Google, Libraries, and Privacy

    January 12, 2005

As you have no doubt heard by now, five major libraries have agreed to let Google digitize all or part of their collections.

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Should Google Collect And Keep Privacy Info?

Daniel has issues with the way Google collects user information. He thinks that Google should not store the personal information they have. Do you agree? Discuss at WebProWorld.

Google has made arrangements with the New York Public Library and the libraries of Harvard University, Stanford University, the University of Oxford and the University of Michigan. Stanford and Michigan will let Google digitize everything. New York and Harvard agreed to pilot projects. Oxford agreed only to books and documents prior to 1901.

To address copyright issues, Google will divide material into three categories: 1) public domain material that is displayed in its entirety without ads, 2) copyrighted material that shows only snippets and bibliographic information, and 3) copyrighted material where the publisher has agreed to allow a portion to be displayed by Google, along with sponsored links that return some money to the publisher.

Nowhere in the press have any librarians or academics expressed concerns about privacy issues. Google has the capacity, the history, and the intention of tracking the browsing habits of anyone and everyone who visits any of their sites. Since its inception, Google has used a cookie with a unique ID in it that expires in 2038. They record this ID, along with the IP address, the search terms, and a time/date stamp, for everyone who searches at Google. To make matters worse, Google never comments on their relations with officials in the dozens of countries where they operate. Google even required the libraries to sign nondisclosure agreements.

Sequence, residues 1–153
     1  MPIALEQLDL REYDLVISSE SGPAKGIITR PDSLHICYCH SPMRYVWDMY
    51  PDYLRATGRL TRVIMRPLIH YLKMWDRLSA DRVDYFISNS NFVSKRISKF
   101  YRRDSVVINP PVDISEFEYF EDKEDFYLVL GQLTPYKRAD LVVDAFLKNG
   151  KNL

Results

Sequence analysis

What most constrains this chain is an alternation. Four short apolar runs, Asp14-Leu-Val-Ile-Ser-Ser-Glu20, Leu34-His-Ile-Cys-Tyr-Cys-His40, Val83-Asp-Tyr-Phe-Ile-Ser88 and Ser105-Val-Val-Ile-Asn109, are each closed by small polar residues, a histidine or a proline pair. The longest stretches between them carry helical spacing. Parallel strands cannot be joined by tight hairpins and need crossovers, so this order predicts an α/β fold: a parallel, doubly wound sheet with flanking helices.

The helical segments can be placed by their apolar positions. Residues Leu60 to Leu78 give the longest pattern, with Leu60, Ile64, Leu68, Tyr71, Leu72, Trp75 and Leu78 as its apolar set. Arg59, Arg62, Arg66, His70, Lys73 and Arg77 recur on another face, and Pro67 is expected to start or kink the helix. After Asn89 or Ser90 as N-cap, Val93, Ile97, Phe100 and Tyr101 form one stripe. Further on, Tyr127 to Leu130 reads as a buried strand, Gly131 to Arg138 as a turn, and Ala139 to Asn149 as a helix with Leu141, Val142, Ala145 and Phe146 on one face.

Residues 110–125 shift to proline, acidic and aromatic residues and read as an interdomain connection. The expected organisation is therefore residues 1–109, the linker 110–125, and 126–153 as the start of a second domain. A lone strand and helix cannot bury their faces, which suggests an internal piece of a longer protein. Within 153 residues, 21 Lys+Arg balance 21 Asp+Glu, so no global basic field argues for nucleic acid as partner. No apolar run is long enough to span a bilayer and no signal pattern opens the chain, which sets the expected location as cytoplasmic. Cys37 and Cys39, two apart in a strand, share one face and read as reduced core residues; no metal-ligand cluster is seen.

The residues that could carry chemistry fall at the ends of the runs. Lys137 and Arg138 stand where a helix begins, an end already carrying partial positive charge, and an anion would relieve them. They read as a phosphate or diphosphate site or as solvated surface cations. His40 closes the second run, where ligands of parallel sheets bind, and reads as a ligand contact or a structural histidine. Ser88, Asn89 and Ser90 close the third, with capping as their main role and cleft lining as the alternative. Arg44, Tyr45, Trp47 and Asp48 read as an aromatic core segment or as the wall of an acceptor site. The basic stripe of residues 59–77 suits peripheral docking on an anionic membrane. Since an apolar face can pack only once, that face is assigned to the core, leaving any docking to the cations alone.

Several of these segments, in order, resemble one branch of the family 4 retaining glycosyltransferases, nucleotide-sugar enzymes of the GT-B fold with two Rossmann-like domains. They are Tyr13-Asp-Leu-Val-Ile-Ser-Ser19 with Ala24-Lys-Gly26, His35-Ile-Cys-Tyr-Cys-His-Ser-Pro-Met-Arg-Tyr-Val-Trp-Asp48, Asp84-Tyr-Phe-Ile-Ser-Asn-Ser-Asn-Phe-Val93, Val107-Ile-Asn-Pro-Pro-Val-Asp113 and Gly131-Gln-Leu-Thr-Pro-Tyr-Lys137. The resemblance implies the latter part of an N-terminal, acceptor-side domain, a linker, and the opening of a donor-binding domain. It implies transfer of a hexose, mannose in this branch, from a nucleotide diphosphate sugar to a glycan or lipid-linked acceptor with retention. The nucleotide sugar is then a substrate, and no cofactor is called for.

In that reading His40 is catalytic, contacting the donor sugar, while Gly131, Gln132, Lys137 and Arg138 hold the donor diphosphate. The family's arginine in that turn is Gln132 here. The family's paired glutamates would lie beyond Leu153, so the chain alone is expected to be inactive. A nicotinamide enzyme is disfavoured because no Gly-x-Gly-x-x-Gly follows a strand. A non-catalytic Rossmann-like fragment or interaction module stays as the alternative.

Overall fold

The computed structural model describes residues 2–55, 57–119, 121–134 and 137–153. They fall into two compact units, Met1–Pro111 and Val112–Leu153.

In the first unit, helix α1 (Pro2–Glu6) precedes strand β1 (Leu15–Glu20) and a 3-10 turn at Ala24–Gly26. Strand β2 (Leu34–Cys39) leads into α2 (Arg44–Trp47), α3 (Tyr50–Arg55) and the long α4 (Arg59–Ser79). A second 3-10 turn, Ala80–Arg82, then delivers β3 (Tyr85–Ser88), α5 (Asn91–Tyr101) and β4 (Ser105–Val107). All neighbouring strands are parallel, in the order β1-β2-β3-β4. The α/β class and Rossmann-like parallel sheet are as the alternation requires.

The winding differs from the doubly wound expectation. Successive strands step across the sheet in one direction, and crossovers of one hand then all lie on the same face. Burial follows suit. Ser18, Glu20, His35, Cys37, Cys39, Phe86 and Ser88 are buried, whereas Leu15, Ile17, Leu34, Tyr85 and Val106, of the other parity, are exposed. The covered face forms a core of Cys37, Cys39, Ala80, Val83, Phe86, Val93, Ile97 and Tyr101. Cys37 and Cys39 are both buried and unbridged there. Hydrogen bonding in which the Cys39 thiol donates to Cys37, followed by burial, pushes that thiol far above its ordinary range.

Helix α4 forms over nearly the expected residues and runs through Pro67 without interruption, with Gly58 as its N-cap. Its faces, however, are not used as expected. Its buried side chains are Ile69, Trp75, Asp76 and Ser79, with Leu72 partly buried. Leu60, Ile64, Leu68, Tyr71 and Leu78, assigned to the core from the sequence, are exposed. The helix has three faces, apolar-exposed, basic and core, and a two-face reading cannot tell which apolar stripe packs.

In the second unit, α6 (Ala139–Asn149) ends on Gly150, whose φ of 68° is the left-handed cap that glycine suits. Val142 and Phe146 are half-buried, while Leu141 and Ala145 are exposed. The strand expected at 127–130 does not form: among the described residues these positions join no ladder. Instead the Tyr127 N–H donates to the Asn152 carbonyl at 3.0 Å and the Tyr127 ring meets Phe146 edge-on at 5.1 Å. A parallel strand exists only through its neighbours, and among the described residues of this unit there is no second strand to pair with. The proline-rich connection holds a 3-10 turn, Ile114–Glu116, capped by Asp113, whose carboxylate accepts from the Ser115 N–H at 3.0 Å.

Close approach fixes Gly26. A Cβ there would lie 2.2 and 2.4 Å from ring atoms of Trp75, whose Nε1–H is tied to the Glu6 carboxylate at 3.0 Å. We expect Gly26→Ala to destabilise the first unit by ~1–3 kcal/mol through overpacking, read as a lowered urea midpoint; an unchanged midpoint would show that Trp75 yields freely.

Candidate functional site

Moreover, they can be very misleading about this tracking. When Gmail was launched last April, a Google vice-president initially claimed that there would be an information firewall between Gmail and Google’s tracking on their main index search. Within three months, however, after the press interest receded, Google revised their main privacy policy to comply with a new California law. In it they confessed that a single cookie is used across all of their various services, and all information is shared between them. ( see )

I am asking the American Library Association to address the issue of privacy in cases where search engine digitization projects are proposed to libraries. Beth Givens from the Privacy Rights Clearinghouse, Pam Dixon from the World Privacy Forum, and Chris Hoofnagle from EPIC are helping me with this. Here is a letter I wrote to Mitch Freedman:

Daniel Brandt operates Public Information Research, PO Box 680635, San Antonio TX 78268-0635



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